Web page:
Russell’s innate talent for this dance form and its music has already made him a qualified teacher for dance, guitar and cajon in the flamenco Center, at the Ballet Philippines Studio in SM Aura, Makati Sports Club and Symmetry Dance Studio in Parañaque.

He performs regularly at tablaos with Centro Flamenco and in Singapore, where he is occasionally invited to perform, at times with his sisters.

 

Stereotyping

Being half-British helps in the stereotyping of what a bailaor should look like. To even add to that mystique, Russell keeps his hair long. Lean and tall, he possesses that undefinable quality called duende, which sets apart an ordinary dancer who knows his steps, from a performer who feels his dance. In Russell, the package is complete.

Lope Lim and Russell Wisden are two young men who have had a calling so unlike any other, and both pursue it with a determination and a passion; and for us potential spectators, the better for the refinement of our lives.

© Copyright 2014 Inquirer.net

 

 

 

By Evan F. Moore
Southtown Star
October 7, 2014

 

 

Yiannis Ekonomou, 11, is a rising star (Southtown Star) 2014[Orland Park, Illinois] – If you happen to watch “Dancing With The Stars” or “America’s Got Talent” in the upcoming years, you might see Orland Park resident Yiannis Ekonomou as a contestant. The 11-year-old boy’s resume is impressive. He has been dancing since he was 5.

“He was always dancing around the house,” Nicholas, Yiannis’ father, said. “We took him to a dance lesson one day and he liked it.”

Ekonomou said he saw something special in his son and knew that dance wouldn’t be a passing fad for him. “You can see it was something that came from his heart,” Ekonomou said. “He has a natural talent, and he can elevate himself.”

This summer, Yiannis won two national dance titles for his hip hop and contemporary solos as well as several judges’ choice awards in multiple competitions. He also danced in fundraisers sponsored by the American Heart Association and the Safstrom Children Education Fund.

He performed in the 2013 Nutcracker with the Joffrey Ballet as the lead boy in the party scene.

The Century Junior High School student has a strict regimen that requires him to train 15 to 20 hours a week.

“When I started doing hip-hop, at that moment, I knew what I wanted to do with my life,” Yiannis said. “I love dancing.”

Alyssa Johnson, the artistic director and owner of Perfection Dance Artistry in Palos Heights, has Yiannis as a student in her contemporary jazz and power company class. She said she knew he was something special during their first session. “For a young gentleman, he is dedicated to this,” Johnson said. “I was impressed the first day he came into my basement. He picked up right away.”

She also said that she was surprised at Yiannis’ drive at that age.“If you tell him to do something, he picks up the correction right away. In this industry, you’re looking for a kid that knows what he wants,” she said.

Yiannis’ parents support his dancing but have stressed that he must maintain good grades in school if he wants to keep his demanding schedule. Ekonomou said his son also plays soccer and is taking piano lessons.

Yiannis’ goal is to become a professional dancer and join “Dancing with the Stars” as a choreographer. His other favorite shows are “Dance Moms” and “So You Think You Can Dance?”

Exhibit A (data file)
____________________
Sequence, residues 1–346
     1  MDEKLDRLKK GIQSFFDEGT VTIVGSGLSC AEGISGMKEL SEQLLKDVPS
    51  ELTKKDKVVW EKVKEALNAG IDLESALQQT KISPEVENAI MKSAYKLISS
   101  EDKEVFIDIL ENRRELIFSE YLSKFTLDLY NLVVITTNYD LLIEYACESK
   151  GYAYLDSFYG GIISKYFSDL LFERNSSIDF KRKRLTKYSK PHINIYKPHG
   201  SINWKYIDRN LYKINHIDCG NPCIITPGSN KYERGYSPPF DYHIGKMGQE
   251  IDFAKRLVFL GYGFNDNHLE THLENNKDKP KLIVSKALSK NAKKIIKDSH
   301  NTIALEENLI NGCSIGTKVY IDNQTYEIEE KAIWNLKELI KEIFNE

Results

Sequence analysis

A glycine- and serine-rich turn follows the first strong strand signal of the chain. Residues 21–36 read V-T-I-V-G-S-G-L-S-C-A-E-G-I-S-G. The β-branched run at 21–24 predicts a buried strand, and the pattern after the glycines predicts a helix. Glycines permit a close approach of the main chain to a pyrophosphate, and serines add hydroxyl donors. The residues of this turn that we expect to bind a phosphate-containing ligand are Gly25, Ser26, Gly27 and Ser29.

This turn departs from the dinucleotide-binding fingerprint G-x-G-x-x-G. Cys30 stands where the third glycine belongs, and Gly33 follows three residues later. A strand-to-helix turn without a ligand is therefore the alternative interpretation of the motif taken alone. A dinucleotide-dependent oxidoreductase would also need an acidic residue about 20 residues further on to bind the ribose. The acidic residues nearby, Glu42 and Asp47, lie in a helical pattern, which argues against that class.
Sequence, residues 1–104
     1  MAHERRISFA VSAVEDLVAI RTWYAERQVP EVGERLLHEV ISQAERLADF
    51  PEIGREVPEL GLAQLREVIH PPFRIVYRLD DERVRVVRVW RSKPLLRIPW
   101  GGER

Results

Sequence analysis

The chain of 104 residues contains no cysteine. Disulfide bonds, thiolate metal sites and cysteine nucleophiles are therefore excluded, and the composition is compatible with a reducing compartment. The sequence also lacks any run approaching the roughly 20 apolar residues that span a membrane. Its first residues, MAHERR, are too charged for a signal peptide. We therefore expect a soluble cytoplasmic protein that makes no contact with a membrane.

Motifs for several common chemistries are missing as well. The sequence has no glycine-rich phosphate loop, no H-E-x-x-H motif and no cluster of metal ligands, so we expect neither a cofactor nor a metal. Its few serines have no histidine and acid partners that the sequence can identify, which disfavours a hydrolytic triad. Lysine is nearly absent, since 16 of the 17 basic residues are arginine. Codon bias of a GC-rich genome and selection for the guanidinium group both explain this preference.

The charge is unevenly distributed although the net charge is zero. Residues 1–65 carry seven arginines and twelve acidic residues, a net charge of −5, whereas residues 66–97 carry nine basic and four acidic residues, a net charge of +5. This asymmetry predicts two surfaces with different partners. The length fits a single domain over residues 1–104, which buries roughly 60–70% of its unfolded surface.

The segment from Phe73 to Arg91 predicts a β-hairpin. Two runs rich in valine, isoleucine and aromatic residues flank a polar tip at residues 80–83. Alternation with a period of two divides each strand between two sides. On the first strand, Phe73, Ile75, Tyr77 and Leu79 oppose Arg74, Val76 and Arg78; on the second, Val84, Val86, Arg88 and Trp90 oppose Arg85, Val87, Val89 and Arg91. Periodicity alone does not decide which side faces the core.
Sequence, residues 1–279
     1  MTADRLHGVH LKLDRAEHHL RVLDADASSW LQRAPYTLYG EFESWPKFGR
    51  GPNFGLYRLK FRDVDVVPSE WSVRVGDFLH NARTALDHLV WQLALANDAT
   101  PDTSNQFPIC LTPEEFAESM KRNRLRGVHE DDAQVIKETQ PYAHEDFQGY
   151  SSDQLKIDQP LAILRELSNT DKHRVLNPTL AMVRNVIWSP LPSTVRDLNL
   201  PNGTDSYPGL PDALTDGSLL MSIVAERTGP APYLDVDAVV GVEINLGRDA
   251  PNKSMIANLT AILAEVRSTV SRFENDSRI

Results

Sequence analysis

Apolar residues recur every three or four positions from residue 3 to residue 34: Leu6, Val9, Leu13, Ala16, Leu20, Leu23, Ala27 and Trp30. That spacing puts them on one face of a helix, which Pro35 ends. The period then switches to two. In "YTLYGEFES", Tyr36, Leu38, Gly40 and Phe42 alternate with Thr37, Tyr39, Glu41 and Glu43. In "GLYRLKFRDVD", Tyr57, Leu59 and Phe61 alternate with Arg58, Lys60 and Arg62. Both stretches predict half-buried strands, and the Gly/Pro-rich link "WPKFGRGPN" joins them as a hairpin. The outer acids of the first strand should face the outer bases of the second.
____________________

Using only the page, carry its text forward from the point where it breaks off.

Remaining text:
“I look at their (dancers’) technique. I look at how they do things,” he said.

Yiannis said he gets plenty of support from his classmates at school.“They think it’s pretty cool because they’ve seen me on TV auditioning,” he said.

 

© Copyright 2014 Sun-Times Media, LLC

 

Academia de Ballet e Dança – Annarella, Portugal

 

Banner, Academia de Ballet e Dança - Annarella, Portugal (Annarella Academia de Ballet e Dança)

 

Broadway World
March 11, 2014

Tommy Batchelor (Tommy Batchelor)Tommy Batchelor, who starred in the Tony Award-winning musical Billy Elliot on Broadway and in the First National Tour will join the cast of Short North Stage’s upcoming production of The Who’s Tommy as a featured dancer. The musical is the inspirational story, based on the classic 1969 rock album by The Who, about a deaf, dumb and blind boy who becomes a celebrated pinball wizard. This rock opera is a perfect fit for the energetic and spontaneously creative young man, whose explosive style mirrors the driving rhythms and passion of The Who’s music.

Batchelor, now an 18-year-old dance major at the Ohio State University, has been dancing since he was five-years-old. He was inspired by a seeing a documentary about the legendary tap dancer Bill “Bojangles” Robinson starring Gregory Hines.

At twelve-years of age he was spotted by scouts for the Broadway production of Billy Elliot at a Youth America Grand Prix, the world’s largest international ballet competition for young dancers. After auditioning, he was offered the role of understudy to Billy and sent to London with the original cast for training.

“Overall those days were a lot of fun, but they were definitely tough,” he recalls. Along with the three other Billys who were to rotate performing the role on Broadway, he not only had to learn all the dances, but also take singing lessons and study the dialect of North Eastern England, where Billy lived.

“The rehearsals never stopped,” he recalls. “The show is very hard. The physical stamina is only part of it. The mental stamina required for a 13-year-old to carry a three-hour show is a lot more than most 13-year-olds are used to-especially if you’ve never acted or sung before.”